OUAGADOUGOU, Burkina Faso — One month before a deadly attack by al-Qaeda-linked fighters killed 53 people in Burkina Faso, an international youth forum held in the capital of Ouagadougou was focusing on a culture of peace.
The G5 Sahel Youth Forum On Peace And Security, drawing young people from Mauritania, Chad, Burkina Faso, Mali and Niger, aimed “to enhance the role of young people from Sub-Saharan Africa in general and from the G5 Sahel in particular,” organizers said.
Sahel refers to the geographic belt that runs across the African continent, south of the Sahara Desert and north of the Sudanese savanna. The forum, on Oct. 14 and 15, featured sessions meant to engage youth “in the fight against radicalization and violent extremism.”
“The security situation in the Sahel continues to deteriorate, with terrorist groups operating in the Sahel expanding their presence southward, increasingly threatening coastal West African states,” according to a July Security Council Report, an independent entity that aims to the advance the transparency and effectiveness of the U.N. Security Council.
“Terrorist violence continues across the Sahel. On the night of 4–5 June, assailants killed at least 132 civilians — 160 according to local authorities — when they attacked the town of Solhan in the Sahel region of Burkina Faso. It was the deadliest attack in Burkina Faso since the start of an insurgency by violent extremist groups in 2016,” the report states.
The most recent terror attack, on the weekend of Nov. 13–14 killed 49 military police officers and four civilians.
The G5 youth forum “is very relevant to peace and security on the continent,“ said William Carew, principal coordinator for the African Union’s Economic, Social and Cultural Council.
“We must create platforms for young people to relate their concerns to policymakers. It’s very important for young people to not only take part in it, but seen to be taking leadership in the efforts to build civil society.“
The G5 Sahel was established in 2014 with funding from Western countries to help defend the region against the growing threats of terrorism. The initiative has become increasingly involved in funding for social programs to help counteract radicalization.
The need to counter the issue at a societal level was among the key points of the youth forum, which brought together 300 participants, including Muslim and Christian leaders. In addition to delegations from each of the G5 Sahel countries, Togo, Ivory Coast, and Senegal were also represented.
Representatives of the U.S. Agency for International Development, or USAID, and the Japanese and Dutch embassies also attended.
Those attending the conference stressed concerns about misinformation and the lack of economic opportunity as drivers of conflict.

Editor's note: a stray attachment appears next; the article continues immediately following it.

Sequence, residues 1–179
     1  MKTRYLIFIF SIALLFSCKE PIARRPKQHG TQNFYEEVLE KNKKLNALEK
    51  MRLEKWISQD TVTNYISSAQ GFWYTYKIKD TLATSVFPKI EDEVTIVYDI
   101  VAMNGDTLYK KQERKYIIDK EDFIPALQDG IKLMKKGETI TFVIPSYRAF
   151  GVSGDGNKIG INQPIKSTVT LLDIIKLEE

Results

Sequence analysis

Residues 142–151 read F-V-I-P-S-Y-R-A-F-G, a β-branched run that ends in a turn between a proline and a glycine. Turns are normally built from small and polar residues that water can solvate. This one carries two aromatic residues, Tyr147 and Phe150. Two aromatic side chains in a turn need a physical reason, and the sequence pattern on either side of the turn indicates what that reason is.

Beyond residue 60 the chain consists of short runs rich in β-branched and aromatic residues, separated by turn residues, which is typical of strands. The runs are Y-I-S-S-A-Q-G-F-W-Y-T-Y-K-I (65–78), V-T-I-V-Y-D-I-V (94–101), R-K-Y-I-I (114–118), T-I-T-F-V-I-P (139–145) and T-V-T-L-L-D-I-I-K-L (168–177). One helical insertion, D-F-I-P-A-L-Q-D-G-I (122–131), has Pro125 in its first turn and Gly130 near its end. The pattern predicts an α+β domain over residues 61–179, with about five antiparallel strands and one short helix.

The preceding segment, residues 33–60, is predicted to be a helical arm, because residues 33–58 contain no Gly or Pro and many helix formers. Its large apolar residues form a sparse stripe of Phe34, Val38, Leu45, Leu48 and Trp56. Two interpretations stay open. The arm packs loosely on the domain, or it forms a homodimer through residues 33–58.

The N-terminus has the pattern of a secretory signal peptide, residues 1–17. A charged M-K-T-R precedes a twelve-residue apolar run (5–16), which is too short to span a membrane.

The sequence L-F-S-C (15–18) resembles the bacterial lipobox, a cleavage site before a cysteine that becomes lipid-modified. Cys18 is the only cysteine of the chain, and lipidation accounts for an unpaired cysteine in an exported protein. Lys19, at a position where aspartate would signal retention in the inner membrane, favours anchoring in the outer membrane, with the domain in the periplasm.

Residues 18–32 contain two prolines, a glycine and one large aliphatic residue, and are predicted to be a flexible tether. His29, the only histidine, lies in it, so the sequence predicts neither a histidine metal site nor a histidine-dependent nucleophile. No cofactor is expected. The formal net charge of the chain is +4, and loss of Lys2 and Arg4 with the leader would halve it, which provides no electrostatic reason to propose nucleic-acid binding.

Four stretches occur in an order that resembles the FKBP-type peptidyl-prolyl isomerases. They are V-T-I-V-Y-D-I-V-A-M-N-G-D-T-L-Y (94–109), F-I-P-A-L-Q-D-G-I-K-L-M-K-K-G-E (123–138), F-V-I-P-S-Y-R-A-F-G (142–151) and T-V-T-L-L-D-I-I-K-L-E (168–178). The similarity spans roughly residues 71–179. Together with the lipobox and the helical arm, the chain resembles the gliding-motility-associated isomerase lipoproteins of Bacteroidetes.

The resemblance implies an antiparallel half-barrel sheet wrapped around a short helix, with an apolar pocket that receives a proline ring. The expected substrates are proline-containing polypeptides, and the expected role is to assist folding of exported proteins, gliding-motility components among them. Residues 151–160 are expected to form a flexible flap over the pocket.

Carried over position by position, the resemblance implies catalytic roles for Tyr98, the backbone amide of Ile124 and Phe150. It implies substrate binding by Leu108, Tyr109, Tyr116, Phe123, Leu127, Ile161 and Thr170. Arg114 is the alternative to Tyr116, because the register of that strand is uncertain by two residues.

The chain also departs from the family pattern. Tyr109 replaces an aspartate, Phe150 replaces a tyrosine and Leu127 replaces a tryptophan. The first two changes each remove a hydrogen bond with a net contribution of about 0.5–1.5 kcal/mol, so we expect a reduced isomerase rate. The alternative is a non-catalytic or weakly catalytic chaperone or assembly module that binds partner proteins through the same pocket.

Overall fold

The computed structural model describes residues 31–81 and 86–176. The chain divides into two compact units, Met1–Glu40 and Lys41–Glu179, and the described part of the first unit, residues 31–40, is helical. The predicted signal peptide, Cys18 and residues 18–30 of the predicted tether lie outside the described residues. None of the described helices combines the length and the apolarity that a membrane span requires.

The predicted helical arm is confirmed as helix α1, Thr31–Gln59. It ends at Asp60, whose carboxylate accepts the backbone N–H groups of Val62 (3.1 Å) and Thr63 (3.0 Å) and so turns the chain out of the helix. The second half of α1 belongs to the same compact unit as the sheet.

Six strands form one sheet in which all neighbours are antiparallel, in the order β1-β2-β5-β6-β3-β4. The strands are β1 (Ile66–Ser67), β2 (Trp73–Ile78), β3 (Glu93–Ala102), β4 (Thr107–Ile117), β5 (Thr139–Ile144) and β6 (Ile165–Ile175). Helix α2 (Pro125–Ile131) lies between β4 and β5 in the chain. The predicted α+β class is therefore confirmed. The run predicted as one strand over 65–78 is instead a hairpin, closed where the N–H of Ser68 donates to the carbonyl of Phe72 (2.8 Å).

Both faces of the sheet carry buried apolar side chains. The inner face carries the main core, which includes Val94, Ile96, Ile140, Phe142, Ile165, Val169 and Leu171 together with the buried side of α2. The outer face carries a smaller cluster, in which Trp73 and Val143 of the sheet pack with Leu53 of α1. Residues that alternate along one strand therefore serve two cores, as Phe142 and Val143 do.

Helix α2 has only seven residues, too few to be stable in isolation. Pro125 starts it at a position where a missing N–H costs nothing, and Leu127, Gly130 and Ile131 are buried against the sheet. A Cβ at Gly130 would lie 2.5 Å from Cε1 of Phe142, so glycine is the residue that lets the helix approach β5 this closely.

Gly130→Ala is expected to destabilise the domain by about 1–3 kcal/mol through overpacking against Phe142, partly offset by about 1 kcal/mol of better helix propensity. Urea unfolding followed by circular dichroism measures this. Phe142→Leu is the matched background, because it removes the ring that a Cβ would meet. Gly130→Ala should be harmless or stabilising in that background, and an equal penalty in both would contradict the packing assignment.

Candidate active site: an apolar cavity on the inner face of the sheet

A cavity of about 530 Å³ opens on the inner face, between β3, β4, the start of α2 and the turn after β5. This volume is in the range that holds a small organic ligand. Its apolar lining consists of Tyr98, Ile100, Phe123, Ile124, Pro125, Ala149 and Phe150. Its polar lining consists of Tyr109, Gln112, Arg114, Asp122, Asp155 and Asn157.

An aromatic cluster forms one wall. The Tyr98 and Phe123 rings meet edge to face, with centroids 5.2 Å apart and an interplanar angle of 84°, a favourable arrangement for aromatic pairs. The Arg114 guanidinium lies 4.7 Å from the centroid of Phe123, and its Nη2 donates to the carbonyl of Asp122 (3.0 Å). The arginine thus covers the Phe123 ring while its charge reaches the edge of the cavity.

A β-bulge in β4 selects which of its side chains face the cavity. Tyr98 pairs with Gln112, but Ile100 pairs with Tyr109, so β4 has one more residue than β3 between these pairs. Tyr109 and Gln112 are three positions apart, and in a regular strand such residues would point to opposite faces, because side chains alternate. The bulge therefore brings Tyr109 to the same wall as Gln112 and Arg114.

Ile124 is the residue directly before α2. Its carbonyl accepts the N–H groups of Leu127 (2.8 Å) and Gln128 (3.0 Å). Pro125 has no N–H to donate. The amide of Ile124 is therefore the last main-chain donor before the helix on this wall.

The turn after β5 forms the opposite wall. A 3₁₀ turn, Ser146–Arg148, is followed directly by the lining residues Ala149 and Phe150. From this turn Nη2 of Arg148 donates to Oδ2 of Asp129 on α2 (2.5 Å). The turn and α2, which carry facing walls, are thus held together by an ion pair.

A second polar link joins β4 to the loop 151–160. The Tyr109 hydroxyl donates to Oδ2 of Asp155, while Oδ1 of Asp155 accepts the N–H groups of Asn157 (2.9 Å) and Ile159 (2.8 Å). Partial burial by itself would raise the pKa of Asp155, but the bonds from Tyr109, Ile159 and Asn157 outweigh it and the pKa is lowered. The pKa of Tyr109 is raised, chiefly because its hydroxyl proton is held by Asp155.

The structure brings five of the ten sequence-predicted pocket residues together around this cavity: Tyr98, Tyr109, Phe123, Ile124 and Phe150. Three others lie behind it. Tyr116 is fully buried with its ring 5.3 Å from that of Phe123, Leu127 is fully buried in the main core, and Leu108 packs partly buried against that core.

“We hope that social media websites put up the ‘white flag’ soon, and that the birds of good sense come home to roost,” said DJ Kim La Revue (The Dream), a Burkina poet who addressed the group.
“The turbulence of the Sahel region will not go away unless young people play a direct role in solving the crisis,” said Cyrille Guel, president of forum sponsor EducommunicAfrik. The association focuses on social issues with youth through media, conferences and workshops.
The top prize at the event went to Leyhana Seyni Issa for her work with the Zara Production Communication Agency in her native Niger, which has worked to counter extremism and desensitize youth in the country.
“I hope young people and our partners join me in leading the fight further and stronger against extremism. I would like to see this event spread beyond a Sahel specific focus to a pan-African one,” she said.
The conference took place during a busy week in the country which saw, among other events, a pan-African film festival, a memorial for former pan-Africanist President of Burkina Faso, Thomas Sankara, who was assassinated in 1987, and a visit from the president of Niger.
The turnout at the forum is a hopeful sign for attendees like Mariam Abdoulaye Malloum of Chad, an officer of the African Network of Young People and Adolescents in Population and Development.
“The conference was important because it was an opportunity for young people to come together to share experiences and good practices, to find solutions together for a common problem which is slowing down the future of the Sahel,” she said.
Edited by Judith Isacoff and Kristen Butler
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